The Secret Life of Melanie O.
Sunday, April 06, 2008
Charlton Heston died today
Charlton Heston died today - and news of his death comes with a kind of surrealism usually reserved only for the realm of my dreams. His death has struck me in a strange way, because, for the past two weeks, I've been watching Charlton Heston movies on DVD.

It started on Easter with Ben-Hur. It's my perennial Easter film. I got hooked on Ben-Hur several years ago when the local cinema got ahold of a real print and showed it on the big screen, to the public, for free. I was mesmerised by the costumes and drama - even if the religious message got a bit lost. I was mesmerised by Chuck (as he was called by friends and family.) And I lamented the extinction of Technicolor.

A week later, I was in our local department store and found a 3-pack DVD of Charlton Heston classics: The Greatest Show on Earth, The Ten Commandments, and The Naked Jungle. I grew up in the 1970's with a (still buff and handsome) middle-aged Charlton Heston in films such as The Three Musketeers, Planet of the Apes and Earthquake! The Charlton Heston of these classics on DVD was the actor I'd never seen before: classically handsome, built, and with a voice that commanded your attention. This was a Charlton Heston in his youthful prime. He had been an artist's model and I couldn't blame him for showing off his chest in these early films. I felt myself feeling envious of his wife of 64 years, Lydia.

I discovered that he had crusaded for John F. Kennedy and Civil Rights back in the '60's, and had been president of the Screen Actor's Guild in the '70's. As he aged, Charlton Heston became more politically conservative, and, I daresay, opinionated. As I watch his early films, it doesn't matter that I didn't always agree with him. I had to hand it to him, though - he managed to stay in the spotlight until right before his death.

Good night, Chuck. Rest in peace. And thanks for being a part of an era in Hollywood that we will never see again. Few actors can be called "legends," but I daresay that you rank amongst the stars.

(Note: image is for commentary purposes only.)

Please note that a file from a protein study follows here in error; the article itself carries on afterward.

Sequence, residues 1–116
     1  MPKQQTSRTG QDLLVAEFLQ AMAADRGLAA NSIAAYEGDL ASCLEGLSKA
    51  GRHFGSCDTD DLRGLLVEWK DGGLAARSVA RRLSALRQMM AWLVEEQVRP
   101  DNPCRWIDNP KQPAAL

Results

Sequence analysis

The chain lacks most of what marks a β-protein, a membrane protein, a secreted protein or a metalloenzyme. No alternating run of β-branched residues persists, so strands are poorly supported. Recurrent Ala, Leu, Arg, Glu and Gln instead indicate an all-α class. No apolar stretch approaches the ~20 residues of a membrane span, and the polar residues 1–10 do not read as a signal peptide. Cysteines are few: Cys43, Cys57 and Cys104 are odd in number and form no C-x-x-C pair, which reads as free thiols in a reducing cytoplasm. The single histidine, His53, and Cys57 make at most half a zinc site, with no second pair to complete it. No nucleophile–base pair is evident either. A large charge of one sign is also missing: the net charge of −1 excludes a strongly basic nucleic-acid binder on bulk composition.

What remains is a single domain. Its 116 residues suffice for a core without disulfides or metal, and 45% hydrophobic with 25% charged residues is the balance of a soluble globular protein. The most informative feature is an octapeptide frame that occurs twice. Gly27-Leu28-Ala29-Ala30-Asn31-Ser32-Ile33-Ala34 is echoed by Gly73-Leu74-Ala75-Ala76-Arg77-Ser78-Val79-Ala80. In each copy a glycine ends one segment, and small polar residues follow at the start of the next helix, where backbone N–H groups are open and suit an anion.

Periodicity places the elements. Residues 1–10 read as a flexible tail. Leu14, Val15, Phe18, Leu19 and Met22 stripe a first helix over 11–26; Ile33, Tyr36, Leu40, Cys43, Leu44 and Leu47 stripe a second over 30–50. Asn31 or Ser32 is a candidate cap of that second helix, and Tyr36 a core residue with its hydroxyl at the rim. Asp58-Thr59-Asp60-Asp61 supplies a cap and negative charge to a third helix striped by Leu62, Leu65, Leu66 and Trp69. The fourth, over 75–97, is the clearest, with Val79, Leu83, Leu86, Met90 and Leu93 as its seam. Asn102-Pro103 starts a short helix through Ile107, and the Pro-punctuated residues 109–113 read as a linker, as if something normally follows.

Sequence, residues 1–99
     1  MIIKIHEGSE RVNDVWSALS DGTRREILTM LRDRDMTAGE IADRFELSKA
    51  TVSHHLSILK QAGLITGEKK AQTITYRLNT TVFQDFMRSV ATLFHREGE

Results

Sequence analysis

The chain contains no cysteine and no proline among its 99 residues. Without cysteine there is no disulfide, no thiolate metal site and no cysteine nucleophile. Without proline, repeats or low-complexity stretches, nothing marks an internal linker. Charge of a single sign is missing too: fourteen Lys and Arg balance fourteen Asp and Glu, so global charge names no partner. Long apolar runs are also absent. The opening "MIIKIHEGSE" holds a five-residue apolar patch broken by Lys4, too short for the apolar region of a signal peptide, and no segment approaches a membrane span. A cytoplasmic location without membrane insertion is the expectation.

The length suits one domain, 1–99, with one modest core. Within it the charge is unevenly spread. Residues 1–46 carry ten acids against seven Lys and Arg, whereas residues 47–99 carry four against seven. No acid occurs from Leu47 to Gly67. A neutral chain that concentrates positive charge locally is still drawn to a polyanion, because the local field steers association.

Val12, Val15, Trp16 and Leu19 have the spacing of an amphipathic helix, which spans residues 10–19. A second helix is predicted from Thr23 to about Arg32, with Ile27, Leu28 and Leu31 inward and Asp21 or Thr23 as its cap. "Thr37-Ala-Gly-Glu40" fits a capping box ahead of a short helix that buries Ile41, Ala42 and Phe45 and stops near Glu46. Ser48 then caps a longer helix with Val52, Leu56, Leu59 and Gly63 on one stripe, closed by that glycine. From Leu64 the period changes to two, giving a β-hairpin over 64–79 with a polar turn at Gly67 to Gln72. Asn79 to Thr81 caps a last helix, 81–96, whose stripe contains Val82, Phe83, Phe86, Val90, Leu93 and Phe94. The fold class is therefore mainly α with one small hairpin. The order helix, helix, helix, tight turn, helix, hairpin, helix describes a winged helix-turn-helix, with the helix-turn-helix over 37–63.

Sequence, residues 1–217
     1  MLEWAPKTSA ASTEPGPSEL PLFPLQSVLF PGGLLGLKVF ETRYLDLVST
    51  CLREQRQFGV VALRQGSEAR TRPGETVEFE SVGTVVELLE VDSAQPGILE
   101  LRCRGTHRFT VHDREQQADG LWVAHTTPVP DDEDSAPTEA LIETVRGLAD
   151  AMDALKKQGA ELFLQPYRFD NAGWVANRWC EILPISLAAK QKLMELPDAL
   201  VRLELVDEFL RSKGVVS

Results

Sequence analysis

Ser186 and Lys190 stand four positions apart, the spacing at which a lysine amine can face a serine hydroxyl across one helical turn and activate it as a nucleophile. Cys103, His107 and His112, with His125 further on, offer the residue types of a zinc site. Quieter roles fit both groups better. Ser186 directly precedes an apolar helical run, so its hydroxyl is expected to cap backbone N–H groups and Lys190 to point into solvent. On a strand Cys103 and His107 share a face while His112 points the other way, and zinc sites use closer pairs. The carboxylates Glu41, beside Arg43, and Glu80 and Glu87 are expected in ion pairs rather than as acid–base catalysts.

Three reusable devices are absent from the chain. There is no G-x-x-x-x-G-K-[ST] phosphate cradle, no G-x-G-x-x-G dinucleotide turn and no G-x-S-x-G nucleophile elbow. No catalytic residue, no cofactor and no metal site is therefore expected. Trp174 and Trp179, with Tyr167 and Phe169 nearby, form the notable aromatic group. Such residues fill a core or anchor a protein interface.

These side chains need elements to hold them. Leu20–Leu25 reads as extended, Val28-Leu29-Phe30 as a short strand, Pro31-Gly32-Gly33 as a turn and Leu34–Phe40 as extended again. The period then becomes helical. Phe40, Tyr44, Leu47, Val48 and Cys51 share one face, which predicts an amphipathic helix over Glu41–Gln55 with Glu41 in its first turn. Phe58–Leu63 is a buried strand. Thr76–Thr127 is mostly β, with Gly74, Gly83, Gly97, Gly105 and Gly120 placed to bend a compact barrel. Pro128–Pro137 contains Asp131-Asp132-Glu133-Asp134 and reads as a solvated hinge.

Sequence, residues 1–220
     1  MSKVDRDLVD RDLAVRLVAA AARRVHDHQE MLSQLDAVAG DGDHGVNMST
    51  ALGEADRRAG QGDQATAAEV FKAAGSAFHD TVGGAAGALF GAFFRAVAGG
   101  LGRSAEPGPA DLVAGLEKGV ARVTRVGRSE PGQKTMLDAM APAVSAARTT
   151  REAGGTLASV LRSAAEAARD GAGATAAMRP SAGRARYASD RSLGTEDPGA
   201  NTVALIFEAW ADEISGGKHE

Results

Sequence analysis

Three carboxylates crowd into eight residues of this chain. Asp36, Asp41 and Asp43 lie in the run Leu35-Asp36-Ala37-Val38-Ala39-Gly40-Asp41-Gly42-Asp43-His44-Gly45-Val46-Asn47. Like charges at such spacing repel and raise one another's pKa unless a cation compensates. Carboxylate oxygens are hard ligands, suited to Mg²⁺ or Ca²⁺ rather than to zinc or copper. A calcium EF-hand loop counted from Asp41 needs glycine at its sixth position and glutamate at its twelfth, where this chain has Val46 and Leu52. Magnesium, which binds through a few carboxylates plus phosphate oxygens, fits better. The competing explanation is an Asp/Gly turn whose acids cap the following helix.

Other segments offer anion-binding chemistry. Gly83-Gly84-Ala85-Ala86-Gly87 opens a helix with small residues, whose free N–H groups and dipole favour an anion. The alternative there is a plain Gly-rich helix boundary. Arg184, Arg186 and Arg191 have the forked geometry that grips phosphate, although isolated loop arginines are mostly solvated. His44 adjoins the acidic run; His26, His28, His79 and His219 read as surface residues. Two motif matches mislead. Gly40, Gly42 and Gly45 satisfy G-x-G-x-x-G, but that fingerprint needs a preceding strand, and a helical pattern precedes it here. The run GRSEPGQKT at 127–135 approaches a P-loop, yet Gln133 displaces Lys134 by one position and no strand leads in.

posted by Melanie O. at 4:16 PM -
  • At 7:41 AM, Blogger gardenbug said…

    I saw Ben Hur in the movie theatre when it was a new release. What a drama! What a thrill! Later I saw it on TV. It seemed over acted and posturing. Still, He was some movie star.

  • At 8:02 AM, Blogger LivinginOz said…

    Some movies are just meant to be seen on the big screen. I feel really fortunate that I got to see Ben Hur at our local cinema. How the cinema owner got ahold of a genuine print amazes me - apparently there are only two copies in existence.

  • At 5:58 AM, Blogger Kanani said…

    Well, it was a sad thing, to see him go over to the NRA in the last decade or so of his life. So much talent became lost in the haze of politics. Still, he was a fantastic man --and married to the same woman his whole life!

    I watched his interview with Peter Jennings when he announced he had alzheimers. Very moving, very courageous.

  • At 8:26 AM, Blogger LivinginOz said…

    I saw that interview as well, and I was really moved by his relationship with his wife. He said to a national audience, that he wouldn't know who he was, without her. That can be taken several ways, but I think that because he was an actor, she helped keep him grounded and was there to always remind him of what was important in life. We all should be so fortunate to have that kind of partnership with one person our whole life. Truly remarkable, from several perspectives.

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About Me
Name: Melanie O.
Home: Durham, North Carolina, United States
About Me: Female, American health and beauty-conscious professional who has rekindled a childhood love of dolls.
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